Before becoming primary rivals, Gingrich and Perry spent years as allies.
In 2010, Gingrich wrote a glowing foreword to Perry's last book, "Fed Up! Our Fight to Save America From Washington."
That year, the pair appeared together at a book signing at a Barnes & Noble in southwest Fort Worth. At the signing, Gingrich praised Perry's leadership and suggested President Obama seek out Perry for advice.
"I have to say there are very few people who I think could do a better job leading the country than Gov. Perry," Gingrich said.
More recently, Gingrich and Perry have occasionally attacked one another, though often with less attention than they have given to other contenders such as Mitt Romney.
In September, Gingrich was asked if his writing the forward to Perry's 2010 book amounted to an early endorsement. Gingrich replied it didn’t, but said: "If he wants to write another book, I'll write another forward."
Later that month, Perry said his perfect running mate would be some combination of Herman Cain and Gingrich.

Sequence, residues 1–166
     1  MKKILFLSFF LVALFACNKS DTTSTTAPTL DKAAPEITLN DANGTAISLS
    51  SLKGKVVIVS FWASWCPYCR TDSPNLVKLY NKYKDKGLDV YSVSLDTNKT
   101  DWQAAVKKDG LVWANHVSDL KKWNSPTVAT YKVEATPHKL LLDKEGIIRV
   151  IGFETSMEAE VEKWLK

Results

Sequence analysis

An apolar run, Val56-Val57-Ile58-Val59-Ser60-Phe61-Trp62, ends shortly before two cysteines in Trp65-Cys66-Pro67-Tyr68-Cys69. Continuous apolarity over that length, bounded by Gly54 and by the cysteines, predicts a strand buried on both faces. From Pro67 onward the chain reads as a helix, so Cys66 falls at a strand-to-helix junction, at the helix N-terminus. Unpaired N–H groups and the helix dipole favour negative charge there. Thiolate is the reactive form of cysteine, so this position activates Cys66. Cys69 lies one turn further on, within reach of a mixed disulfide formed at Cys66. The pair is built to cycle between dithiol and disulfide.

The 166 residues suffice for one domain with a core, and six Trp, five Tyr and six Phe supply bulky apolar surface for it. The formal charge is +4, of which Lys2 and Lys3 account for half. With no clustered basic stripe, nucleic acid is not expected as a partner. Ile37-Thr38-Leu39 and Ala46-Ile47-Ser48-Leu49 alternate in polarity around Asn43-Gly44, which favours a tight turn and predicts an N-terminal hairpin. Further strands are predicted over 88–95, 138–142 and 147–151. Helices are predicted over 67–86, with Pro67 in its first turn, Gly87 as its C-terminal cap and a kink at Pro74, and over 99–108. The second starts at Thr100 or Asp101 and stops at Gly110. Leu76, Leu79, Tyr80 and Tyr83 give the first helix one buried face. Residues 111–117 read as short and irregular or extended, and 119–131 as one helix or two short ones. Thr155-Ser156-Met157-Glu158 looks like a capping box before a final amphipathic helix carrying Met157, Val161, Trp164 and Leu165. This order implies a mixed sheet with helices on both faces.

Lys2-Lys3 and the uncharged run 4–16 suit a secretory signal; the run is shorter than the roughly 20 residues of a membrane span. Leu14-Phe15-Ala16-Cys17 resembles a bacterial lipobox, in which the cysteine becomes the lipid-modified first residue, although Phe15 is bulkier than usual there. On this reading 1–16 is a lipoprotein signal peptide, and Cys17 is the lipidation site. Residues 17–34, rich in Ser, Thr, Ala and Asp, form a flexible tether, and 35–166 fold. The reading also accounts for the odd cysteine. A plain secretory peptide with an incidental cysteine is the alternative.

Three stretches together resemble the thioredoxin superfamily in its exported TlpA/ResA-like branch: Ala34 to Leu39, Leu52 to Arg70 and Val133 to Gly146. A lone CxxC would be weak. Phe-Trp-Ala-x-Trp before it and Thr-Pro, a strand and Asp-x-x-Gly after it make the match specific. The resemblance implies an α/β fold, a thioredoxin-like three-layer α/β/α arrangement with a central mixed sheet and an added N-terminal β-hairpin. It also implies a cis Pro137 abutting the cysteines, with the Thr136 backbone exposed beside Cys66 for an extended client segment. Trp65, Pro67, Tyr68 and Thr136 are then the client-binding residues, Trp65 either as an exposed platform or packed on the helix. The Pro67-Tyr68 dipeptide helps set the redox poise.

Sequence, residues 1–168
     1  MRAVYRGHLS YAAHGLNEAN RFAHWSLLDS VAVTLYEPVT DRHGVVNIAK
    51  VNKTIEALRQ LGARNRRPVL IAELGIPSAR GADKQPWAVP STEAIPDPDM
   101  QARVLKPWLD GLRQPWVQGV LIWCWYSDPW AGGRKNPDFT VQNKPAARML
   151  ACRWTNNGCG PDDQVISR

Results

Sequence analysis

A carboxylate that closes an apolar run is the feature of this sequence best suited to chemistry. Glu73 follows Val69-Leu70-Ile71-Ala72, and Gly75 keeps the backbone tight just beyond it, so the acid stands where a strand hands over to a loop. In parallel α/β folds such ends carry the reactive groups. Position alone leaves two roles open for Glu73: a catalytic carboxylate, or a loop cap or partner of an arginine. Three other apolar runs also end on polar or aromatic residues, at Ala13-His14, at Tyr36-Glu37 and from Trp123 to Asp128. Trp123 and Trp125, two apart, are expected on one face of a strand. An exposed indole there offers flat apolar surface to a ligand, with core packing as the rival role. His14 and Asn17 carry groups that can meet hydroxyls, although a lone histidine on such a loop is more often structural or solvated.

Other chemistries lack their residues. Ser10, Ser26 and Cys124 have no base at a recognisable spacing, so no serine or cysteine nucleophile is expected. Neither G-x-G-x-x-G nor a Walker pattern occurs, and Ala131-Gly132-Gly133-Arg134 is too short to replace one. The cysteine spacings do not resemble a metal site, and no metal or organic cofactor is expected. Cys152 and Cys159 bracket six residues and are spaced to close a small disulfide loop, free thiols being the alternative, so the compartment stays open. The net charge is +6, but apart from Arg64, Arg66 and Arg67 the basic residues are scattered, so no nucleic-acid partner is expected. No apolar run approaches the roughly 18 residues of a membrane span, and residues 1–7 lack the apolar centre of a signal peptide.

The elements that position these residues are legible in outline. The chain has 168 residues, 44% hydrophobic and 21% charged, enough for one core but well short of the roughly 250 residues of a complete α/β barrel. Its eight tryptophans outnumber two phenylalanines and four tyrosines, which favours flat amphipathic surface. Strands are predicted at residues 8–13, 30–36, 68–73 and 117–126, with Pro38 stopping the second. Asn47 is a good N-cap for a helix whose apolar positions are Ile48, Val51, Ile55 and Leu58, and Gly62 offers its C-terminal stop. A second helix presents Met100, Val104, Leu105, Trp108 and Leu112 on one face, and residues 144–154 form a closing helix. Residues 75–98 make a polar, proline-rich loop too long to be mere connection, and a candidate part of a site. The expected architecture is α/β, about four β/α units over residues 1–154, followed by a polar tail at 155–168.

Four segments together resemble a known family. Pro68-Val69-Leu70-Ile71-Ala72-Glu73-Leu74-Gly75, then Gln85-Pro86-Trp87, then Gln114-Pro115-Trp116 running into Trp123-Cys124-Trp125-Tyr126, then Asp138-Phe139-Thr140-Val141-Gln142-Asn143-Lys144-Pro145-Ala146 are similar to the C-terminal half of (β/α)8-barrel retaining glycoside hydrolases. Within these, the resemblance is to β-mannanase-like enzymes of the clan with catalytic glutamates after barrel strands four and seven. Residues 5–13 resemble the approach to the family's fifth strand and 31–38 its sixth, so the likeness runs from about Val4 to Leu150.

Perry's tone shifted later in the year once Gingrich surged to near the front of many polls. Perry and a Perry-supporting super PAC started pointing out Gingrich’s political liabilities. In early December, Perry called Gingrich’s multiple marriages “an important issue” in the race. The campaign also accused Gingrich of flip-flopping on the issue of government-mandated healthcare.
Yet as of noon today, Make Us Great Again, the Super PAC that spent millions backing Perry's presidential bid but was not allowed to coordinate with the campaign, had not taken down this video criticizing Gingrich and Romney.
In his speech today ending his campaign, Perry appeared ready to look past Gingrich's foibles.
"And Newt is not perfect, but who among us is?" Perry asked. "The fact is, there is forgiveness for those who seek God and I believe in the power of redemption, for it is a central tenet of my Christian faith."